Fur seals on Macquarie Island

Young fur seal on West Beach. Its fur is slick as it has just come out of the water
Young fur seal on West Beach (Photo: Barend (Barry) Becker)

Macquarie Island was discovered by sealers in July 1810. Harvesting commenced immediately and by about 1820, the sealer's had taken almost 200,000 skins and in the process had eliminated the entire population. The identity of the original species is unknown.

Fur seals were present in small numbers when the ANARE base on Macquarie Island was established in 1948, although none were breeding at that time. In 1954, 130 years after the cessation of sealing, the first fur seal pup was born. Annual pup production increased slowly up until the 1980s when the population began to increase exponentially.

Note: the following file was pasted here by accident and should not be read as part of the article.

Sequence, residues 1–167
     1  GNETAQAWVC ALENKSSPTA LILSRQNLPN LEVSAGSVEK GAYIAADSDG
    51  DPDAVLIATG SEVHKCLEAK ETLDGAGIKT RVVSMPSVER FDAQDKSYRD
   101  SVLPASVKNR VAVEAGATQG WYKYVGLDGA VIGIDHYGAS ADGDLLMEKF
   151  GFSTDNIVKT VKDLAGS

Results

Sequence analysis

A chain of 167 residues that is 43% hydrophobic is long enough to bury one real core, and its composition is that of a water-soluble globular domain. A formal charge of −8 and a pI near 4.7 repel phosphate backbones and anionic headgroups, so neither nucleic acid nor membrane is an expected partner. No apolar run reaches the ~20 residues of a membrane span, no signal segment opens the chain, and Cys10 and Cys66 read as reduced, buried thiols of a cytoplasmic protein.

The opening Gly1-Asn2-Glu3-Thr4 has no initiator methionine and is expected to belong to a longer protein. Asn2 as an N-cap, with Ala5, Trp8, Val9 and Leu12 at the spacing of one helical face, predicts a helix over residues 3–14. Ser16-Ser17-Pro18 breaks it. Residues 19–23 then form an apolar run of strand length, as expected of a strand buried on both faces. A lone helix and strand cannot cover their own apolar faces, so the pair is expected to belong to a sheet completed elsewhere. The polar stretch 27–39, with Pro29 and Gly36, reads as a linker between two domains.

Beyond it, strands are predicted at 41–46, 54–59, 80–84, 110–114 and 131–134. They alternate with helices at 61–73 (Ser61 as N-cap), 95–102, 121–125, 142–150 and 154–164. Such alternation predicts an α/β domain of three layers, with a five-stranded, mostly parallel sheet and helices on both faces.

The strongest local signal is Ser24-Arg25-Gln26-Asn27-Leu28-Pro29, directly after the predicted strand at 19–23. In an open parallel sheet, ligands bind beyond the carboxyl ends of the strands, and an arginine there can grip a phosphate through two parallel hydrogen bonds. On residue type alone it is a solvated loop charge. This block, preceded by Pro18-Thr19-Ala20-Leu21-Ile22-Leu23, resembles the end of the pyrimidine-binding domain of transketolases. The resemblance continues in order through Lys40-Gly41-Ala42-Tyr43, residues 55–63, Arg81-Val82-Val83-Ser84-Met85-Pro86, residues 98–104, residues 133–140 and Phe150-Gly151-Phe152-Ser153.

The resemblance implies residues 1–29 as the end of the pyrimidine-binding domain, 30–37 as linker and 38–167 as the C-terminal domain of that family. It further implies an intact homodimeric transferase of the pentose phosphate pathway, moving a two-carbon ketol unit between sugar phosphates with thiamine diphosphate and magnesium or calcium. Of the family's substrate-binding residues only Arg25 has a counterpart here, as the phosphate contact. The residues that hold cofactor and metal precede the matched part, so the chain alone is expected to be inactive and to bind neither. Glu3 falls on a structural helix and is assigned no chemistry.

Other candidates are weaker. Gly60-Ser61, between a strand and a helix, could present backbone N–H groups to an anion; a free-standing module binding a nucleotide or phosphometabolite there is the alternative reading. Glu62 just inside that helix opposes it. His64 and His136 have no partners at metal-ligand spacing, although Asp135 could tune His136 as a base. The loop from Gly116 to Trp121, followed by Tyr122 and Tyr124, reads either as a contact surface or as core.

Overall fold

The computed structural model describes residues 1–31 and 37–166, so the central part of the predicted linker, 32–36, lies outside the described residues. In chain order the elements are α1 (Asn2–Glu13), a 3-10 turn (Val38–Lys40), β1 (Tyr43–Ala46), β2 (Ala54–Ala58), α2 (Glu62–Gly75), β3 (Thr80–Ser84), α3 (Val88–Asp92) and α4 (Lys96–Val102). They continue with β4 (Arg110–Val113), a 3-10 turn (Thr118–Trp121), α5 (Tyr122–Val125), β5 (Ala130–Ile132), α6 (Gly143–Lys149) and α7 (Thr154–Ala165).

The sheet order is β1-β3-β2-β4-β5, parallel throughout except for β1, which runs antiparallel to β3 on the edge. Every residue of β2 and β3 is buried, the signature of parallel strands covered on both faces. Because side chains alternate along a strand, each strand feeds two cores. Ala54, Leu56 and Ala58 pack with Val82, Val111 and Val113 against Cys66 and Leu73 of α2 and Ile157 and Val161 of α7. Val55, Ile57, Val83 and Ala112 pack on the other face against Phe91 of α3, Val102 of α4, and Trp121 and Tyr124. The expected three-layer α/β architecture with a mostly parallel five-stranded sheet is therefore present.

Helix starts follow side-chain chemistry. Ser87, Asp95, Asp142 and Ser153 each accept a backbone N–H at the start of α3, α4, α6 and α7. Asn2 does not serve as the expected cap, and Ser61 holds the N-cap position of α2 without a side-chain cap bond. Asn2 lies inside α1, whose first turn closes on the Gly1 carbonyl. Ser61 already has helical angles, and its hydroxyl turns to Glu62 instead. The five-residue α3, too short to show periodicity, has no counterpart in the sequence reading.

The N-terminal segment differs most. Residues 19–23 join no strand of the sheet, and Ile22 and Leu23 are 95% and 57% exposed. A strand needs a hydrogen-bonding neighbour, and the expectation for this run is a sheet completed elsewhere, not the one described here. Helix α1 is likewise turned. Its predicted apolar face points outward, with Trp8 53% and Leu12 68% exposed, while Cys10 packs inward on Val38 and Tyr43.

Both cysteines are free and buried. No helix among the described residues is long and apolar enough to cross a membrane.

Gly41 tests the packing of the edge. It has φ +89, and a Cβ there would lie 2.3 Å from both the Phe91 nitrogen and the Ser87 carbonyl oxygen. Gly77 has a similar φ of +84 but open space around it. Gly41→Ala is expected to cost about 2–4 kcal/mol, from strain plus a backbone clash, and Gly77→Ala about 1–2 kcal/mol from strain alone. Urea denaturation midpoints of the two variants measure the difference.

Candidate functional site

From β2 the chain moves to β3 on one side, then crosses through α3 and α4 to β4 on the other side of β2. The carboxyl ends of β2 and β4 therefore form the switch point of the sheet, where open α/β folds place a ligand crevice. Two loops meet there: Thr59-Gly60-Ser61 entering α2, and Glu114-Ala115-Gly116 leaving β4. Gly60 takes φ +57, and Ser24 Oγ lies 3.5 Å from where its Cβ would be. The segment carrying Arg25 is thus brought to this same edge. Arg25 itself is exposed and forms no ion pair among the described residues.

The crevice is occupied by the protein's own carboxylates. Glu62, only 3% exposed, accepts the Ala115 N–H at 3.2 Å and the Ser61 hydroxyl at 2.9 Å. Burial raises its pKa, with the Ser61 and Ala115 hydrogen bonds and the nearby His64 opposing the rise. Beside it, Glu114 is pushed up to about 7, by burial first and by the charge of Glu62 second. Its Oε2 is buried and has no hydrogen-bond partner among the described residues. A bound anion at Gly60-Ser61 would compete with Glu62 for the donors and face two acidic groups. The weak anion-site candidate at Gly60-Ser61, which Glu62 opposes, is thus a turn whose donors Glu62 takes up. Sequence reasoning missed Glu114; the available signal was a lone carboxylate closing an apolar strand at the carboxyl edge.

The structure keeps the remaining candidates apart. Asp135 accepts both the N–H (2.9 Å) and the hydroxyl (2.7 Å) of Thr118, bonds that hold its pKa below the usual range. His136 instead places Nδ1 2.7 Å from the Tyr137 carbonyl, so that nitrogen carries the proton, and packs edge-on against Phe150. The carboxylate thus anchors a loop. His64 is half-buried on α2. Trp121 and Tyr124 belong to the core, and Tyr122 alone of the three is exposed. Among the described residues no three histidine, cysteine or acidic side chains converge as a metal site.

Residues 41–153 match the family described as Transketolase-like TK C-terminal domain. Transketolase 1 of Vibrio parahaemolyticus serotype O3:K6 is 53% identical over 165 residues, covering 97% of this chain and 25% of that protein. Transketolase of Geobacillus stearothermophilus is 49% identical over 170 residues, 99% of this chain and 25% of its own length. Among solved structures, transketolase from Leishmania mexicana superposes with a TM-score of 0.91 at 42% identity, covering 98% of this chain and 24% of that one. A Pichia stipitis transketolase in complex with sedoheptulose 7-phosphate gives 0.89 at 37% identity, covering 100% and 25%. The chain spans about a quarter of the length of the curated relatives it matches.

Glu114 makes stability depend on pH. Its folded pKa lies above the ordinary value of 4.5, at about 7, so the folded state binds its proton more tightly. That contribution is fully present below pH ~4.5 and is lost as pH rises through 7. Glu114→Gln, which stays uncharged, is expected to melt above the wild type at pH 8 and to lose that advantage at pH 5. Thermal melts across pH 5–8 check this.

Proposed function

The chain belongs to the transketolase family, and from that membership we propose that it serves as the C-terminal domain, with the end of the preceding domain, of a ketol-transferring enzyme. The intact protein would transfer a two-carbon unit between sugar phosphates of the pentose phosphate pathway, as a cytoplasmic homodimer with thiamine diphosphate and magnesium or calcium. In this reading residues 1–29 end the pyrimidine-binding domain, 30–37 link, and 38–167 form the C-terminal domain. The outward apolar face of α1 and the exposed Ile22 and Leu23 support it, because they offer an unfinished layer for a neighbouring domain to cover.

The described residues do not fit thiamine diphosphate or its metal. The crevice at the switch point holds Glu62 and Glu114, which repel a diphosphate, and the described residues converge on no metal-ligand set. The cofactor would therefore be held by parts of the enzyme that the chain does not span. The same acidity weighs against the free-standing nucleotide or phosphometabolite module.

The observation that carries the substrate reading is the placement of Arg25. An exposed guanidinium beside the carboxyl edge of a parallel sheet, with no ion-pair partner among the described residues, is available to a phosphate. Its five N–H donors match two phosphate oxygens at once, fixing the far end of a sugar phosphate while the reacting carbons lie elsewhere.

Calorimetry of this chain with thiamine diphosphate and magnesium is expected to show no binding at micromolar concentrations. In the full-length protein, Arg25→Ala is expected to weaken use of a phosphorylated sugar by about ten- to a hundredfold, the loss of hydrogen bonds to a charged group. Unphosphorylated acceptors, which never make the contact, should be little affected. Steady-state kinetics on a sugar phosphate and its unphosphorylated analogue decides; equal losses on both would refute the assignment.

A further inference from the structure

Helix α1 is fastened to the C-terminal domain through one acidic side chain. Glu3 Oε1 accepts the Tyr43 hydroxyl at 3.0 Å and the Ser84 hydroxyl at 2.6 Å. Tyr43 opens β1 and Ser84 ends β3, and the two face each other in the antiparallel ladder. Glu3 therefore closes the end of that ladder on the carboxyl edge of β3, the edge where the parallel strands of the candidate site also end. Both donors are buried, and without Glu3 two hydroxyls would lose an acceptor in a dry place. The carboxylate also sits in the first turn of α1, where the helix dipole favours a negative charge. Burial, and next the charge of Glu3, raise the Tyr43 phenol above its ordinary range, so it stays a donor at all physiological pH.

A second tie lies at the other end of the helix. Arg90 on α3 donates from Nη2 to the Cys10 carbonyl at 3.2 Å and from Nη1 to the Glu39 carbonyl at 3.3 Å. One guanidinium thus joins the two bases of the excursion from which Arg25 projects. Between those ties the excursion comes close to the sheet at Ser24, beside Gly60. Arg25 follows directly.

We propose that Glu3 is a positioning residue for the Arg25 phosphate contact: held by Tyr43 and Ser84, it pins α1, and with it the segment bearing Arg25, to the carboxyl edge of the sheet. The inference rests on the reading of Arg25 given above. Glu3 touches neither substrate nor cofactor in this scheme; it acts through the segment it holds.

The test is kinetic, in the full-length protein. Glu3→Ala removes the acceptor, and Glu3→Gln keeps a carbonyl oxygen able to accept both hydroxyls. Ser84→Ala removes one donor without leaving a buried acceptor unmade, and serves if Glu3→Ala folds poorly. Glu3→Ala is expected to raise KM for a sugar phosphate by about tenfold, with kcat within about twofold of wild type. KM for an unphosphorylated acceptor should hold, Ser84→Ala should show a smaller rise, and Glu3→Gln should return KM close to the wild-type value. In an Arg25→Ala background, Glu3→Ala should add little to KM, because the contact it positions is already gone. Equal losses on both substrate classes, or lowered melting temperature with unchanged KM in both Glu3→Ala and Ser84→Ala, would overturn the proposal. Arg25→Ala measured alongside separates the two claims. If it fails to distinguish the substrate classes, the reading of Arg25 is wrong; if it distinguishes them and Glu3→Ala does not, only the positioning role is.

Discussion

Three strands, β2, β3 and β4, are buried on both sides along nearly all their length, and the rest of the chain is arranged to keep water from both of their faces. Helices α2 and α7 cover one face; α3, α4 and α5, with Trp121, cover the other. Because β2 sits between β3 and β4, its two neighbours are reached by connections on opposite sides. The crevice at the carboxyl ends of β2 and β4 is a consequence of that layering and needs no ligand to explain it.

Macquarie Island is unique among fur seal populations in that it contains three species, Antarctic (Arctocephalus gazella), subantarctic (A. tropicalis) and New Zealand fur seals (A. forsteri). The breeding population consists mainly of Antarctic and subantarctic fur seals, although New Zealand fur seal males hold breeding territories and occasionally females breed also.

The recent rapid increase in pup production at Macquarie Island is driven primarily by the expanding Antarctic fur seal population (about 13% per year), which accounts for about 65% of the entire population. In recent seasons the subantarctic fur seal population has begun to show a significant annual increase also (9% per year) and accounts for about 20% of the entire fur seal population. Antarctic, subantarctic and New Zealand fur seals hybridise at Macquarie Island, with hybrids accounting for about 15% of the population.

A long-term research program has monitored the recovery and biology of the fur seal population since 1986. Parks and Wildlife staff conduct seal and pup counts every year.